• Shuttle: Take the Sandia Shuttle Express for a great, comfortable 70-minute van ride to Santa Fe. (888)-775-5696, www.sandiashuttle.com.
  • Bus: The Greyhound Bus Company services these two cities. (800)-231-2222.
  • Car Rental: Most major car rental agencies service Albuquerque.

Check rates and book your reservations using WTA’s Online Travel Booking Service. Savings can be as much as 40% off car rentals and 65% off hotels.

Driving

Santa Fe is 62 miles northeast of Albuquerque. Route I-25 runs south of Santa Fe, Routes 285/84 runs north to south through the city.

Where to Stay

  • Cactus Lodge Motel - 2864 Cerrilos Road; $35-85; (505)-471-7699
  • Hotel Santa Fe and Hacienda Hotel - 1501 Paseo de Peralta; $99-459. Just 6 miles east of the Plaza. Seasonal Native American dance demonstrations; gift shop; heated outdoor pool; hot tub; suites; business center. (800)-825-9876; www.hotelsantafe.com.
  • Madeleine Bed and Breakfast - $85-180. Historic building; 8 bedrooms, 3 floors, no elevator, shared and private baths. 2 night minimum stay. (888)-877-7622.
  • Ten Thousand Waves Japanese Health Spa - 3451 Hyde Park Road; $160 and up. 4 miles from the Plaza Cottages. Marble or stone wood burning fireplaces; free communal tubs; restaurant. (505) 982-9304; www.tenthousandwaves.com.

Check rates and book your reservations using WTA’s Online Travel Booking Service. Deep discounts may apply on hotel rates.

Where to Eat

Amaya Restaurant - 1501 Paseo de Peralta. Inside the Hotel Santa Fe. $7-27. (800) 825-9876; www.hotelsantafe.com.

Where to Eat with Entertainment

  • El Farol - 808 Canyon Road. $18 & up. (505) 983-9912.
  • La Casa Sena - Sena Plaza, 125 East Palace Avenue; east of the Plaza. Over $25 in dining room, less in cantina. Selection of 1,400 wines. (505) 988-9232.

Attractions-Historic Buildings

  • Palace of Governors - 105 W. Palace Avenue. (505) 476-5100; http://www.palaceofthegovernors.org/.
  • Plaza - San Francisco Street, south of the Palace of the Governors.
  • La Fonda Hotel - 100 East San Francisco Street.
  • New Mexico State Capitol - Old Santa Fe Trail, between East De Vargas and Paseo de Peralta, 4 blocks South of the Plaza. (505)-986-4589.
  • Sena Plaza - 125 East Palace Avenue, east of the Plaza. $8-57. (505) 988-9232.
  • Saint Francis Cathedral – 131 Cathedral Place, across from Sena Plaza. (505) 982-5619; www.archdiocesesantafe.org.
  • Loretto Chapel - 207 Old Santa Fe Trail. (505) 982-0092; www.lorettochapel.com
  • Santurario de Guadalupe - 100 S. Guadalupe St., 4 bocks west of the plaza. (505) 988-2027.
  • Barrio de Analco - East De Vargas between Don Gaspar Street and Old Santa Fe Trail.
  • San Miguel Mission Church - 401 Old Santa Fe Trail. (505) 983-3974.
  • El Zaguan - 545 Canyon Road.
  • Canyon Road - From downtown drive east on Alameda Street along the river, turn south on Paseo de Peralta.

Museums

Entertainment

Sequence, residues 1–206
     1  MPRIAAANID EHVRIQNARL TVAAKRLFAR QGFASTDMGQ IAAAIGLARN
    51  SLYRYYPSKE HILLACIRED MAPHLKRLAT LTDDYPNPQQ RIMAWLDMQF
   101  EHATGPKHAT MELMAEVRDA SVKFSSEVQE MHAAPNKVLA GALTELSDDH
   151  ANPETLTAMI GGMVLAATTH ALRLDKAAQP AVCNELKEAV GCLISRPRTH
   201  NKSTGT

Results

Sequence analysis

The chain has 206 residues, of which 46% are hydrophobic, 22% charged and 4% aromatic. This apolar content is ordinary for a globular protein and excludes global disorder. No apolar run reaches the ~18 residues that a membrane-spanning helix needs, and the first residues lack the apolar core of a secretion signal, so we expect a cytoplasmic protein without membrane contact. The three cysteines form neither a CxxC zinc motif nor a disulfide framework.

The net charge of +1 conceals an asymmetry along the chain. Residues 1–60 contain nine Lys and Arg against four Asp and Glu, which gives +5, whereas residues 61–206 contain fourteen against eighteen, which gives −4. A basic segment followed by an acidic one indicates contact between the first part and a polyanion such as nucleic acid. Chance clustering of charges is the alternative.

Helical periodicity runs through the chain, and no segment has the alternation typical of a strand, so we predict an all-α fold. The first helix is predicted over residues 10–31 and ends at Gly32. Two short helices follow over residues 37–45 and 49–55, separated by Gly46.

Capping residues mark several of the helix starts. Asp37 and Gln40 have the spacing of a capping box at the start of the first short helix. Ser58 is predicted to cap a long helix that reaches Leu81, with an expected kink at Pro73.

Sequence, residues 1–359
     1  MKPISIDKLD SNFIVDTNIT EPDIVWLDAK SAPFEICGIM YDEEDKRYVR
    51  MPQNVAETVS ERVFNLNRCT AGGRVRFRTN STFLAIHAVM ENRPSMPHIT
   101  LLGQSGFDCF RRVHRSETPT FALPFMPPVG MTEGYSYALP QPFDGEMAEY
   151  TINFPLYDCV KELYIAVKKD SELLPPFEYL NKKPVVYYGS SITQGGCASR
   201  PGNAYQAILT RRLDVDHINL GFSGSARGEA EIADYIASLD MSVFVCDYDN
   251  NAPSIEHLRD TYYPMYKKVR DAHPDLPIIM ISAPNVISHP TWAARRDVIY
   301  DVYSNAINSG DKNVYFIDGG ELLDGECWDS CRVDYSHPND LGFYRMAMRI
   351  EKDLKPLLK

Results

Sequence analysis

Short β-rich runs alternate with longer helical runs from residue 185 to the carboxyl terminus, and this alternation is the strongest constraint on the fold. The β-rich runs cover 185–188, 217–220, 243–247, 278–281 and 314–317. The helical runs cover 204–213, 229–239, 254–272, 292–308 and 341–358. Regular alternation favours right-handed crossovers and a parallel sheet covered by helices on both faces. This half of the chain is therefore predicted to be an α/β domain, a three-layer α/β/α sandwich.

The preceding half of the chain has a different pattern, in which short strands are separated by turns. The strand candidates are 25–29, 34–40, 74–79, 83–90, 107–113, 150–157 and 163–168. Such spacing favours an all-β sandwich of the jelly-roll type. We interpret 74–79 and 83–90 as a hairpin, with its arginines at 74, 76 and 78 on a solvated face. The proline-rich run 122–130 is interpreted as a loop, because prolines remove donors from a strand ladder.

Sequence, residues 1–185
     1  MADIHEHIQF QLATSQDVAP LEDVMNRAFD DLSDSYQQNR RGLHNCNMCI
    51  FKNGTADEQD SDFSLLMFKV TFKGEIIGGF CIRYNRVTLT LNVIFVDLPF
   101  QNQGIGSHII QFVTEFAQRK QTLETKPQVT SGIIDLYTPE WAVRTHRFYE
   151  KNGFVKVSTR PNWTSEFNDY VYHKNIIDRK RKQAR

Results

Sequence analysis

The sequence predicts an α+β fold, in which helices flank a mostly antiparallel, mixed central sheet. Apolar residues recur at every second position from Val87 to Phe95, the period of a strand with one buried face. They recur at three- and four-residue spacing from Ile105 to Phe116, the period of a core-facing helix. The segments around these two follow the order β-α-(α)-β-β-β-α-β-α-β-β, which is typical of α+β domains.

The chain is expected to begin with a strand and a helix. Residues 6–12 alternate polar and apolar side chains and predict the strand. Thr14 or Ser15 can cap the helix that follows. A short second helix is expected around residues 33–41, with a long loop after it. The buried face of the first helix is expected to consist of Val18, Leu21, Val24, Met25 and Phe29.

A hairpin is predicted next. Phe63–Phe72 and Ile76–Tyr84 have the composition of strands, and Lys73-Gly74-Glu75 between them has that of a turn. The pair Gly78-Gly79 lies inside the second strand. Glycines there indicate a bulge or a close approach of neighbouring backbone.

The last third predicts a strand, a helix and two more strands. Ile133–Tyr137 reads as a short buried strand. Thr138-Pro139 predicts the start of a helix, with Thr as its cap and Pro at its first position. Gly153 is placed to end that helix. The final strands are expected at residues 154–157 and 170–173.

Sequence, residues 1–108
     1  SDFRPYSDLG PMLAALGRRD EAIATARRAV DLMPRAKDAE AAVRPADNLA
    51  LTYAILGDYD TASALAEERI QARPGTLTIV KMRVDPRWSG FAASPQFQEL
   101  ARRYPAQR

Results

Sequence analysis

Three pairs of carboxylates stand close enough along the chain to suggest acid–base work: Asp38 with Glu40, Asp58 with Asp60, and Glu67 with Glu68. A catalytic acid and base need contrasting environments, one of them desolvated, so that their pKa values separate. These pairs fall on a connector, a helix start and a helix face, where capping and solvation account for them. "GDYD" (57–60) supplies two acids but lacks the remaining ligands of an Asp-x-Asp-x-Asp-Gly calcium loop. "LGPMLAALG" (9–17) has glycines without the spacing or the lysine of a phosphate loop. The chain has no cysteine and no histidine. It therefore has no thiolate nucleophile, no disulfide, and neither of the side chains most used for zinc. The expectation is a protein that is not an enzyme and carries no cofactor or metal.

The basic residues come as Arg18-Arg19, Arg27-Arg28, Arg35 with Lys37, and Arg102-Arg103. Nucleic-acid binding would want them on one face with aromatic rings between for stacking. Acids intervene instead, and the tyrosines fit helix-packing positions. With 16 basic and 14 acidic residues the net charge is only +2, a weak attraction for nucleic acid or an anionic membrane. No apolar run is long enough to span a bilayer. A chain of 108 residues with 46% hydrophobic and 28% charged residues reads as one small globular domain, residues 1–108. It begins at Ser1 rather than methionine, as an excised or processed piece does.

Santa Fe Opera - Open-air theater. Performances only in the summer. Standing-room tickets also available. (800) 280-4654.

Other Information

Walking Tours


  • Santa Fe Walks - 2 - 2-1/2 hour guided tours explore the history, culture and art of historic downtown, residential and art communities. Tours start at the Hotel St. Francis. Tours leave at 9:45 & 1:45. Fee: $10; over 64 - $9; children under 16 free. (505) 988-2774.
  • Afoot in Santa Fe – 2 hours. Guided walks include commentary about the city’s history and architecture, Anasazi ruins, museums, and art galleries. Tours start from Hotel Loretto at Old Santa Fe Trail and Water Street. Run daily at 9:30 a.m. Fee: $10, children under 16 free with parent. (505)-983-3701.

Bus, Tram, Train, & Rafting Tours

  • Art Colony Tours - Spend a 1/2 or full day at a variety of art galleries and museums. (505)-466-6146.
  • Loretto Line - 75 minute tours that run daily on the hour from 10 a.m. to 3 p.m., April – October. Guided tours on open-air trams. 211 old Santa Fe Trail, 2 blocks east of the Plaza, at junction E. Alameda St. Fee: $12, under 12 - $6.
  • Santa Fe Southern Railroad - 410 S. Guadalupe Street; the depot is at the corner of Guadalupe Street and Montezuma Avenue. (888) 989-8600; www.sfsr.com.
  • Santa Fe Rafting Company - Half or full day excursions, evening dinner floats, ride the rapids, and overnight raft trips. (800) 467-RAFT; www.santaferafting.com.

Spas

10,000 Waves Japanese Health Spa - (505) 992-9304. www.tenthousandwaves.com. (See Where to Stay for further details.)

Skiing

Sangre de Cristo Mountain Range – North of the city on Route 285. Has several ski resorts; open mid-December to mid-March, 52 runs, 5 lifts, 3 snowboarding parks. (505) 982-4429; www.skisantafe.com.

Tourist Information

Emergencies

  • Hospital - St. Vincent Hospital, 455 St Michael’s Drive. (505) 983-3361.
  • Pharmacy - Walgreens, 1096 St. Francis Drive. Open 24 hours. (505) 982-4643.

Notice: This information is current as of November 2003. It is recommended that you contact the numbers, and/or visit the websites above to determine any changes to the information.